Tuesday, October 12, 2010

Why I Voted Yes On Proposition 19

From the California Secretary of State's web site:


While I support the legalization of marijuana, I support our national constitution even more. For years California has allowed "medical marijuana" in direct and open violation of federal law, and the feds look the other way until they need to make headlines and then bam! There's a big roundup of people at some pot dispensary or other, and then when the glow of the tv cameras fades, the feds go back to looking the other way.

This has to stop.

I don't see California going back to obeying federal law, but as I'm a "law and order" kinda guy, something must be done. The only way I can see to get some resolution here is to provoke a bigger fight with the federal government. Accordingly, I'm voting Yes on Proposition 19, to legalize marijuana.

If it passes, the law will end up in court--and I win no matter what happens at that point.

If a federal court rules that the Congress has overstepped its constitutional limits and cannot tell California what it can and cannot do within its borders, then I win both on federalism grounds and because I support the legalization of marijuana.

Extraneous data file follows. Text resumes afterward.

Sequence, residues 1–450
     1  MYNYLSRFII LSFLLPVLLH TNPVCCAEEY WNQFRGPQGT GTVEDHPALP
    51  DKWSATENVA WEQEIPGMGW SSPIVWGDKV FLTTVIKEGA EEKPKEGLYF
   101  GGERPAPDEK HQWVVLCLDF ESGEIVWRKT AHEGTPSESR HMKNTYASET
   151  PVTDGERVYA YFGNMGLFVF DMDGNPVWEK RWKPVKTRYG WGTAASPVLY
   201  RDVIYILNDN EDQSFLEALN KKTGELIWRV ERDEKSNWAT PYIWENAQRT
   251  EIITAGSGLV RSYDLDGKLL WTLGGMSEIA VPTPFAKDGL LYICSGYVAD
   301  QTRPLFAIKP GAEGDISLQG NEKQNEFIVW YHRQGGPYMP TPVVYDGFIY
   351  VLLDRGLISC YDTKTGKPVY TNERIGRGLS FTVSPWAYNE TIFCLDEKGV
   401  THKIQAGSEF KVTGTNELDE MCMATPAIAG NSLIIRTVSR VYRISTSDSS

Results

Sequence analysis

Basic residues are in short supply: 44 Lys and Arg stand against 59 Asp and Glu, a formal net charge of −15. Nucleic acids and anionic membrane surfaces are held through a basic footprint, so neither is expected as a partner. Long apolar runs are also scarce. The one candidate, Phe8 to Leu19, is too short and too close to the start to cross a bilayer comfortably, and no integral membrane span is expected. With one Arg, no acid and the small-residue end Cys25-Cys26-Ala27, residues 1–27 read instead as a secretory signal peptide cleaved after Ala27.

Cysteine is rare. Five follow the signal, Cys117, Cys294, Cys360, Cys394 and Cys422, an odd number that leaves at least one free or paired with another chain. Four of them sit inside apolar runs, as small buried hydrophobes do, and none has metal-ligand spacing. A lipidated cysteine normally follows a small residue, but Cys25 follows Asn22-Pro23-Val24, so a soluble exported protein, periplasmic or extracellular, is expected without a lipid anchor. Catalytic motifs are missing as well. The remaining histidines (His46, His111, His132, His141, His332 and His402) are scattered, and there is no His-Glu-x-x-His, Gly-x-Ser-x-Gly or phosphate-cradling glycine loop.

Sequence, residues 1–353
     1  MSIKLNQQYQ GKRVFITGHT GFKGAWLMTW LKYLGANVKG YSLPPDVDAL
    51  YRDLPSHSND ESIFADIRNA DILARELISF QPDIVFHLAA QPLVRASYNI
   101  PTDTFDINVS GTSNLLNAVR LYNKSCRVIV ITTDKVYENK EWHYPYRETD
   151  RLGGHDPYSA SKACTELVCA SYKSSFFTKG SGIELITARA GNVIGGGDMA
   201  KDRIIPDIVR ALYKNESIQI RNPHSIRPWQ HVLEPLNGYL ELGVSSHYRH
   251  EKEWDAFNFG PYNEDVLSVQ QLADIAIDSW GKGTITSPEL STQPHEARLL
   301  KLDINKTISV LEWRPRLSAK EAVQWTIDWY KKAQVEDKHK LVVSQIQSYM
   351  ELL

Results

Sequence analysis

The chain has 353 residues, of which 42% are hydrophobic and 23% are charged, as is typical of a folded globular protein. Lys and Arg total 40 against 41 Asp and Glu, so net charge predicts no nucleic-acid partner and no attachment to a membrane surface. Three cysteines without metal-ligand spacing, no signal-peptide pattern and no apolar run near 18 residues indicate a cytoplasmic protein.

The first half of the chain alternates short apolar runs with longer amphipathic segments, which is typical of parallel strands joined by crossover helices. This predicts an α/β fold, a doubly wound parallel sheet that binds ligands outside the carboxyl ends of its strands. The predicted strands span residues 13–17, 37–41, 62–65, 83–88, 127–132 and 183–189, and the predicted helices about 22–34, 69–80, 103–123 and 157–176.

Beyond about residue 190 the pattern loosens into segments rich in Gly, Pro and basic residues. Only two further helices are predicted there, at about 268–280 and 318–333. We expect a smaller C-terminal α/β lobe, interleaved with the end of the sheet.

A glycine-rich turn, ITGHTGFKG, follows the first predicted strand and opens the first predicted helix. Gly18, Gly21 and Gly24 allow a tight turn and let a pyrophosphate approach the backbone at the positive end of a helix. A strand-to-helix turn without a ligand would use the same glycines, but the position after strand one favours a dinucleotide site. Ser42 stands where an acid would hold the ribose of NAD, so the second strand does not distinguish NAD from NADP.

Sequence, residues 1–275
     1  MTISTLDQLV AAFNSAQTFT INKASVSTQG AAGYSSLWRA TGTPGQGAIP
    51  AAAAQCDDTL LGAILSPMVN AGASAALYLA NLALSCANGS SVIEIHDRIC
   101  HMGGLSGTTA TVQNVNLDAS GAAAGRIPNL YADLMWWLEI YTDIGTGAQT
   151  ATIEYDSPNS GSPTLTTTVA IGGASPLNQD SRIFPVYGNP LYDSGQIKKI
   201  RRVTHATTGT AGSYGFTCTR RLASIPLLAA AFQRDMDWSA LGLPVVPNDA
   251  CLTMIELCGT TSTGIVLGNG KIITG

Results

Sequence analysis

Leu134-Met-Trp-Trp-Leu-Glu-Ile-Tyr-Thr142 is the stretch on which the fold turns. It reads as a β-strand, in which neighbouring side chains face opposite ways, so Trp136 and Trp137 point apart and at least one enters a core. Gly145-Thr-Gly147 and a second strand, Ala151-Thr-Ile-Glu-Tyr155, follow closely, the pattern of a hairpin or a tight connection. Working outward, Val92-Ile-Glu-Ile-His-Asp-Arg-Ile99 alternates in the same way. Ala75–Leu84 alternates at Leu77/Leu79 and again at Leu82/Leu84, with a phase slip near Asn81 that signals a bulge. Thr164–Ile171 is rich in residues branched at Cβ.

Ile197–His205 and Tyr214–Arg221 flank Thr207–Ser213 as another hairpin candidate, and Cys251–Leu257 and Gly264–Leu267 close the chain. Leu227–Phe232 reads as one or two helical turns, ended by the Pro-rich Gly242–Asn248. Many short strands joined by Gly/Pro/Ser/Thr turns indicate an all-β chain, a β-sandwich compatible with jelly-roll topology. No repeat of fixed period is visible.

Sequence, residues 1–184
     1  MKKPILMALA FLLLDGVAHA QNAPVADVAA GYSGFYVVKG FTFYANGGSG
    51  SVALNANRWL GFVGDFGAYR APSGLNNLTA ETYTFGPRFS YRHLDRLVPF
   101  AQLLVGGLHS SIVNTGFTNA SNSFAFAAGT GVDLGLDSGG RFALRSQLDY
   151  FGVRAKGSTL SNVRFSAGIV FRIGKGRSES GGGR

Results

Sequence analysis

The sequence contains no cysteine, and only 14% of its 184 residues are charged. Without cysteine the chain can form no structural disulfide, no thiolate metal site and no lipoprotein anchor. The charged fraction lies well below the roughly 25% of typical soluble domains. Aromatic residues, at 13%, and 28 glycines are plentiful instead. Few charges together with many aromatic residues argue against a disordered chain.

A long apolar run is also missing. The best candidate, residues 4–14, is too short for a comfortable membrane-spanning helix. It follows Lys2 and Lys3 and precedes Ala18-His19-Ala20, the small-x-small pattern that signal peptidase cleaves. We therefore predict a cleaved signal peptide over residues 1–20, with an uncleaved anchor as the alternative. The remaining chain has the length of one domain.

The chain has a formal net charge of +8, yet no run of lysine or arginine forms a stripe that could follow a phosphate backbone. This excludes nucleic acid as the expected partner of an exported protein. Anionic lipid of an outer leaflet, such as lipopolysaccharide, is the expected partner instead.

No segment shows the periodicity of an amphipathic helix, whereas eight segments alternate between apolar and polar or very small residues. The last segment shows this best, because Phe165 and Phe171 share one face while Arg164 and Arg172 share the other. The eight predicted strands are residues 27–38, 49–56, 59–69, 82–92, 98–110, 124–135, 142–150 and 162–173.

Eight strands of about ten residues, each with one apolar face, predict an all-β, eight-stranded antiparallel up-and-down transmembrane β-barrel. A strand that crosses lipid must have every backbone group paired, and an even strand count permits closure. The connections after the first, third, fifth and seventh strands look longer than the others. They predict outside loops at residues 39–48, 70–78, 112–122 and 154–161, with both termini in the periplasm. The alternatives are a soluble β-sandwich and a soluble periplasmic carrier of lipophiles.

If a federal court rules that California law is trumped by federal law and is thus null and void--including our medical marijuana law--then I win on "law and order" grounds.

Let the lawsuits begin. Let's settle this issue.


Eric W. said...

I've always thought that there should be some initiative process to allow state law to override federal law in specific cases, with some supermajority (2/3? 3/4?) popular support. Not that I think Prop 19 has nearly that much public support. But the states' rights guy inside me just can't help thinking that if most of a state's population wants to do something, then perhaps they should be allowed to do it.

Darren said...

Perhaps. What if most of a state's population wants to forbid gay marriage? Oh yeah, in California that already happened, and it's still not resolved! :-)

maxutils said...

Whatever it takes . . .the Feds won't come after anyone who isn't selling it, anyway, and if you like to smoke pot and can't grow it yourself in California, you're really missing a trick. The Feds can't win this one, no matter how hard they try, and the harder they try the more ridiculous, petty, and impotent they will look. If this passes, the battle is won.

Pomoprophet said...

Legalizing pot in CA is going to create a nightmare for other states. Mexican drug cartels will grow it freely here and then ship it across the country causing an increase in crime in other states. Not to mention the drop in property values if your next door neighbor has a big pot plot in his backyard. Its a selfish thing for CA to legalize pot when the rest of the country still has it outlawed. We don't live on an island and our actions have negative effects on others.

Besides do you want your fellow teachers and senior students coming to school high everyday with nothing you can do about it? I don't.

maxutils said...

Pomomprophet . . .

Our job is not to make other states happy, it is to do what's best for our state. Every other state in the union has the option of following our lead.